For now though they live together, with a minder, as they learn how to care for themselves, each other and their surroundings.
The charity would also like to reduce the number of children that have to enter orphanages in the first place.
To do this, it has bought 30 homes across Belarus with the assistance of Irish donors.
Couples are then let live in them provided they foster up to 10 children who are coming from troubled homes and who may have been the victims of physical or even sexual abuse.
In return the Homes of Hope programme gifts the house to the couple after 15 years.
"It is an incredible feeling when you feel that you help these kids, kids who don't have anything," foster mother Svetlana Kondaratenya tells me.
Their own parents don't call, don't even know how they are. You realise that you are not wasting your life. Your life has a purpose.
It has already proven a success. Chernobyl Children International says it has led to dozens of children, once living in turmoil, growing instead into stable adults within a family setting.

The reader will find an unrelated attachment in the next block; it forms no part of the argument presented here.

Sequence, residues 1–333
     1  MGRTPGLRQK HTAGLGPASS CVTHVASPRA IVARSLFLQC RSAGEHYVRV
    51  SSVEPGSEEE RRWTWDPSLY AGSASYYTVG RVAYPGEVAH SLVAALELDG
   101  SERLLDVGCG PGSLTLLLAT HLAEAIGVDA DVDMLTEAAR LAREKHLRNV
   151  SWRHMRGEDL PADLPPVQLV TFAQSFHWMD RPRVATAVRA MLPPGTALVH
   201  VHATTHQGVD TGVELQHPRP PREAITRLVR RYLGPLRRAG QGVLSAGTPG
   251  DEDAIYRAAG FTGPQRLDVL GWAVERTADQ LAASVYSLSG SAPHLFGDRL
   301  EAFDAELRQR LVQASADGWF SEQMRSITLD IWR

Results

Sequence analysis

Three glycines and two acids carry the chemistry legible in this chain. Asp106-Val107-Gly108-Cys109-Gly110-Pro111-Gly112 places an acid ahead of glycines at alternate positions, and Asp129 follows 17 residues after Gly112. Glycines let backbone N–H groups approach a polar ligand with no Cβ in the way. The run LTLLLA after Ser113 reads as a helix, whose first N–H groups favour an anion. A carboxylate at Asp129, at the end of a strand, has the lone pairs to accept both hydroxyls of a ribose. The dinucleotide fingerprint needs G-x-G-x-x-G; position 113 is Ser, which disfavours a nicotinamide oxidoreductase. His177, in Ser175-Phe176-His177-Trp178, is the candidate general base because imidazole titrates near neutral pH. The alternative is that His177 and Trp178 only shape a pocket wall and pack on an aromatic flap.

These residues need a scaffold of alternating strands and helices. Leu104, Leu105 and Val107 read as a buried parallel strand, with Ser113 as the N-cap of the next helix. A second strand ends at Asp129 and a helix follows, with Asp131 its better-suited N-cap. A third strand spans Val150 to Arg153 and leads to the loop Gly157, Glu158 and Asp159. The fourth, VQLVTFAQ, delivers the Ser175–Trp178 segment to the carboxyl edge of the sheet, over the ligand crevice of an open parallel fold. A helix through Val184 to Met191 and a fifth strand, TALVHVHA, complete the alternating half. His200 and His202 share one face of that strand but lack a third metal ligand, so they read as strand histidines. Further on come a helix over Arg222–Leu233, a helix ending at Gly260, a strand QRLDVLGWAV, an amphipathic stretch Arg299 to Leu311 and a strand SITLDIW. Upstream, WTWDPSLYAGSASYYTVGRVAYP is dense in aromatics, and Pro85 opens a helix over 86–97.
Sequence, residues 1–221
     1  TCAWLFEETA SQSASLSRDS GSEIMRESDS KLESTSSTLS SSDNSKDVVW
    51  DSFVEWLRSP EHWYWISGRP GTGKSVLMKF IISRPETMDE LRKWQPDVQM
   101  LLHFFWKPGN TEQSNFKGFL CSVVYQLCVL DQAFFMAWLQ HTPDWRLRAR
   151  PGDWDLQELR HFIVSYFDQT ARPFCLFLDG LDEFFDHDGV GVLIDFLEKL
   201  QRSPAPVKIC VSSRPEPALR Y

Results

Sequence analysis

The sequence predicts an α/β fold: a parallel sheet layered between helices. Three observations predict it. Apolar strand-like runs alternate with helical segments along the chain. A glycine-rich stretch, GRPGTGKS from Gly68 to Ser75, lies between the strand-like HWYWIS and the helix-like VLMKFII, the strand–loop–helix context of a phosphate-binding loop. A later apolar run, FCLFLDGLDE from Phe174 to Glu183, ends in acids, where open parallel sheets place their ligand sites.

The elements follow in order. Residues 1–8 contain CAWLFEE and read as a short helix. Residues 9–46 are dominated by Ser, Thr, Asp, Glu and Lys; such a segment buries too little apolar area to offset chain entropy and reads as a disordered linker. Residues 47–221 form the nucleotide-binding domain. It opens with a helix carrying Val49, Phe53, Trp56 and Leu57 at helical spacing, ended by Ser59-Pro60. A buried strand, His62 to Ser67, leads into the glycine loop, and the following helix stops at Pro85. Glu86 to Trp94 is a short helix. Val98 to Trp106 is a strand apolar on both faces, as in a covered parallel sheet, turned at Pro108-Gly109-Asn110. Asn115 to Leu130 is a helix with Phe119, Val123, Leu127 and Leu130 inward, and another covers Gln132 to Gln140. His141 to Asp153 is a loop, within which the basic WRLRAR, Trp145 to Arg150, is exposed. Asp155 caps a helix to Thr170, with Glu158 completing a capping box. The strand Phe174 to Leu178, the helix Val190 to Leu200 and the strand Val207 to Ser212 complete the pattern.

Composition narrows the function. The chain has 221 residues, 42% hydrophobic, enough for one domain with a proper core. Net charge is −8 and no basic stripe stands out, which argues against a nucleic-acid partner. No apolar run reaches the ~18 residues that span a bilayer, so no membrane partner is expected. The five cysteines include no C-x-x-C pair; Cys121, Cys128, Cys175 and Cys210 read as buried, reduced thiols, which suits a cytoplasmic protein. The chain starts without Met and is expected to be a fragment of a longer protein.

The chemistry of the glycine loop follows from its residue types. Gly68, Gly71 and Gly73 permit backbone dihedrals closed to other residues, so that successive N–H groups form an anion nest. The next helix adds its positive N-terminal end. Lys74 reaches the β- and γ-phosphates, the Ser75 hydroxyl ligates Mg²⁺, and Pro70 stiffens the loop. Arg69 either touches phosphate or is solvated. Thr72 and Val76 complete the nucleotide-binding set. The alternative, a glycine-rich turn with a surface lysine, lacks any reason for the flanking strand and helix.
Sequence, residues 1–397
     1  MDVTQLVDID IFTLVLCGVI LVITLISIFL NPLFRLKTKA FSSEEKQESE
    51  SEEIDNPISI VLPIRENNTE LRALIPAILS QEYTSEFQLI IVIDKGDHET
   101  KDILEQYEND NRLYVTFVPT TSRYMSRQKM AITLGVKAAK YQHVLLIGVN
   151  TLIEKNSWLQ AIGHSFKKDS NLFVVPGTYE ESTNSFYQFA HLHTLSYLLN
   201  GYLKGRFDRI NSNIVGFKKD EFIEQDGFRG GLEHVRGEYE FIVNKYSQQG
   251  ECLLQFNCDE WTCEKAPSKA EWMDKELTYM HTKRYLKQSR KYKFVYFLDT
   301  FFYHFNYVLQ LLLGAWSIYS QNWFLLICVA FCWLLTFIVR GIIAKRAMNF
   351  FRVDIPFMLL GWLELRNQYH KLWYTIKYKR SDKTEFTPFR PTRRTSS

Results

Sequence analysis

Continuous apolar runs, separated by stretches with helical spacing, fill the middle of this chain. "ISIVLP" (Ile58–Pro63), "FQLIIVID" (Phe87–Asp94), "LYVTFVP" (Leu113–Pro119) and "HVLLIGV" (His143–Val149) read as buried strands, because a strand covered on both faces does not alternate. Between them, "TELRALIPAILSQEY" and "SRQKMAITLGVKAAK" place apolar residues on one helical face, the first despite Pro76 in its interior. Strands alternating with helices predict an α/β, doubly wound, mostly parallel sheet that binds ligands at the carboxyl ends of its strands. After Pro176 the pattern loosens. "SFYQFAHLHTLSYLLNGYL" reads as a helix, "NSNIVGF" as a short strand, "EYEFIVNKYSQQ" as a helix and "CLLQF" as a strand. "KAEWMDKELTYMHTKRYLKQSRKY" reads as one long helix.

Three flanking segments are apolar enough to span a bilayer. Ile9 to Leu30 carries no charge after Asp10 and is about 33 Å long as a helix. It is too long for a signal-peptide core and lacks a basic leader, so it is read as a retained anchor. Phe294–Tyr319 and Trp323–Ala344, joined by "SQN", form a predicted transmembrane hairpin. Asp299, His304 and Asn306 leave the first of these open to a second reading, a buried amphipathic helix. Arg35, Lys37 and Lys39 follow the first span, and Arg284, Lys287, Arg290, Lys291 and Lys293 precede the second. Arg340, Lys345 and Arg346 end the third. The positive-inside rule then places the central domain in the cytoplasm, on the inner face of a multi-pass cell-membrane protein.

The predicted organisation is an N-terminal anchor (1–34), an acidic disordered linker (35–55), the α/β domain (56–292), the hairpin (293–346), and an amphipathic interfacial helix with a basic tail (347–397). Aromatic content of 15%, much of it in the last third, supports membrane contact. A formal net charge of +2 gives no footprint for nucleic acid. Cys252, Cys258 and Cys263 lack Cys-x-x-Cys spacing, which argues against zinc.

It has also, in effect, resulted in the equivalent of two of the 300 Vesnova-like institutions that are dotted around Belarus being shut down.
The extent to which the health and societal challenges faced by the children of Vesnova and other projects Chernobyl Children International operates in Belarus can be directly blamed on the Chernobyl accident aren't clear from any official data.
But Marie Cox, Medical Co-ordinator with Chernobyl Children International says there has to be a link.